To ensure a successful process and subsequent implementation, the timeline will allow time for consideration and review of different LMS options and well as pilot course implementation. The expectation is that the task force will evaluate options in the fall 2014 semester, implement pilots in the spring 2015 semester and present a recommendation by May of 2015. Transition to a new or updated LMS would take place over the 2015-2016 academic year (with old and new systems running in tandem) and should be completed by spring 2016.


Members of this task force include:

  • Amy Burnett, Associate Professor, Finance (co-chair)
  • Rebecca Frost Davis, Director of Instructional and Emerging Technology (co-chair)
  • Michael Disch, Assistant Professor, Psychology
  • Elijah Gabriel, Student Government Association
  • David Hollier, Associate Professor, Education
  • Jack Green-Musselman, Associate Professor, Philosophy and Director Center for Ethics & Leadership
  • Christopher Micklethwait, Visiting Assistant Professor of Writing Literature
  • Danney Ursery, Professor, Philosophy
  • Lisa Goering, Associate Professor, Biological Sciences
  • Dan McCoy, Assistant to the Dean for Technology, Humanities
  • Brenda Adrian, Associate Director, Instructional Technology
  • Angel Tazzer, Faculty Support Manager, Instructional Technology
  • Paul Bailey, Head of Library Systems
  • Patrick Fields, Associate Registrar

Please contact Rebecca Frost Davis or  Amy Burnett if you have questions about the task force.  Watch this blog for further announcements from the task force.

2 thoughts on “Learning Management System Evaluation Task Force Named

  1. On Canvas

    Canvas is relatively new to me so I’m not sure how much my opinion counts as I’ve used Blackboard (Bb) for the last few years and am somewhat used to it’s user experience. However, I can say that the layout for Blackboard is much more intuitive as it gives a list of your courses on the page and not just from a pull-down menu as in Canvas. Additionally, once you’re in Bb the different topics within the course are spread out on the page and not on a list to the left…in this case, I like the Canvas list better.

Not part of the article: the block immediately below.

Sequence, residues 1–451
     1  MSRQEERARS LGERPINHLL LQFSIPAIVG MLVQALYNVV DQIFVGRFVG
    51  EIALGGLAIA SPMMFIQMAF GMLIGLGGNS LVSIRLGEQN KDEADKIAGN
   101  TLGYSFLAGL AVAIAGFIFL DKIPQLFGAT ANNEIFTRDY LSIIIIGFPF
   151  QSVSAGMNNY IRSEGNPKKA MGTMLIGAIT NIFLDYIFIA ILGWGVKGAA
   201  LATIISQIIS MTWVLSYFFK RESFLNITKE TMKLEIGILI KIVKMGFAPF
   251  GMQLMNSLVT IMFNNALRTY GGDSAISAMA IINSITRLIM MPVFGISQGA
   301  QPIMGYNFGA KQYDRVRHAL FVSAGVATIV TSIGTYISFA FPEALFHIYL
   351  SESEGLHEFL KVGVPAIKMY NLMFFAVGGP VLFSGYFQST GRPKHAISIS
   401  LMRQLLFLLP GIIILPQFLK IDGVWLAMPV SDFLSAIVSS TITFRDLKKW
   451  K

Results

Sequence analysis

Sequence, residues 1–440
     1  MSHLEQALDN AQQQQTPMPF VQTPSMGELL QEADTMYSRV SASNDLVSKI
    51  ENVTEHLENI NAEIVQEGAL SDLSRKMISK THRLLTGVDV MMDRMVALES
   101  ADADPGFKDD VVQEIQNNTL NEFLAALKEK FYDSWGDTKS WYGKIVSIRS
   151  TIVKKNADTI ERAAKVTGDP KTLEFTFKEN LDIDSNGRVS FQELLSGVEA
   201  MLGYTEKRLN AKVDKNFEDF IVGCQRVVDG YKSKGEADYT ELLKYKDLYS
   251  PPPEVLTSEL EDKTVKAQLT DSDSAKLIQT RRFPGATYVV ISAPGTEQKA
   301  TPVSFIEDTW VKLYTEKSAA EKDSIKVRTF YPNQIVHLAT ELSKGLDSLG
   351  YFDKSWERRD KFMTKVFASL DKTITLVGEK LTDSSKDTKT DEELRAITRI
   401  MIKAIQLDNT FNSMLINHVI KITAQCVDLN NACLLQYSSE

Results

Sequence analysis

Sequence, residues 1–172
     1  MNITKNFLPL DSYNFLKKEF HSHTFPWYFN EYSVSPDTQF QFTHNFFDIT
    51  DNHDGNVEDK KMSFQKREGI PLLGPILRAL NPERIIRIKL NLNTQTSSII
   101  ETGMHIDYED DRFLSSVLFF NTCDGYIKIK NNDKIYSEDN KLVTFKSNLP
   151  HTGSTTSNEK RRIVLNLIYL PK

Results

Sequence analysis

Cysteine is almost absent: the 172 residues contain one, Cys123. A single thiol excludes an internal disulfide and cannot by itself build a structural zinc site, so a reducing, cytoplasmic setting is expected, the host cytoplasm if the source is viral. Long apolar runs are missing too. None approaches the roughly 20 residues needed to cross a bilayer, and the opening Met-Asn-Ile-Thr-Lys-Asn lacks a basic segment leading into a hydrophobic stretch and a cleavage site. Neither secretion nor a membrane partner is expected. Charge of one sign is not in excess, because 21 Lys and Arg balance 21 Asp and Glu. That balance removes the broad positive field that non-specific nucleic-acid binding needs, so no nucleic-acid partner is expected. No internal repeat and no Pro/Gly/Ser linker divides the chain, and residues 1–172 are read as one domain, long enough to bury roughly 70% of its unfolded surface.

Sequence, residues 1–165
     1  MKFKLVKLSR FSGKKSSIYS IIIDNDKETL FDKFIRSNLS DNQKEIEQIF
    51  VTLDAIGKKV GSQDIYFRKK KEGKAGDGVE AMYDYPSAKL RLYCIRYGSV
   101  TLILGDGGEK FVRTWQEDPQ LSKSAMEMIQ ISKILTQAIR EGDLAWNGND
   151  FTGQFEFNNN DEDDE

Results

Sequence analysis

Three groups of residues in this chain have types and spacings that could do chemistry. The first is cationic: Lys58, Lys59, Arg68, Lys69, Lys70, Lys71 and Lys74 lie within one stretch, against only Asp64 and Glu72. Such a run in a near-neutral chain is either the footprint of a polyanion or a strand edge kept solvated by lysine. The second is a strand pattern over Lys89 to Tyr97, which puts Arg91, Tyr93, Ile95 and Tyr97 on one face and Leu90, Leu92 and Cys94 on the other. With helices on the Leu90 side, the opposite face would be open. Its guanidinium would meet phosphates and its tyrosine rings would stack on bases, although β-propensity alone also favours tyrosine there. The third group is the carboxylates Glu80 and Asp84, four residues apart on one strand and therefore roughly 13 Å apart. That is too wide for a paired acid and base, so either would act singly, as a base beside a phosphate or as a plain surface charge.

One item I really liked about Canvas was the ease of setting up notifications. I missed a first deadline in my Business Ethics class. But after that I missed no more due to setting up the email and text notifications within Canvas.
    Overall, I think it comes down to how the instructor uses the tool. Some instructors really utilize these tools and some do not. I think it’s fine either way as long as the expectation is set early in the class, and it has been here at St. Edwards. Blackboard is probably my choice at this time. But they could use some input on their interface and make sure that students have notifications for either text or email (they may already have this but I never had a circumstance to move me towards using it).
    ~Don Jones

    • I agree wholly with Don. The interface is much easier to understand in Blackboard, and while I have been a user of Bb for many years now, I think if Canvas could meet these expectations it will be successful for future users.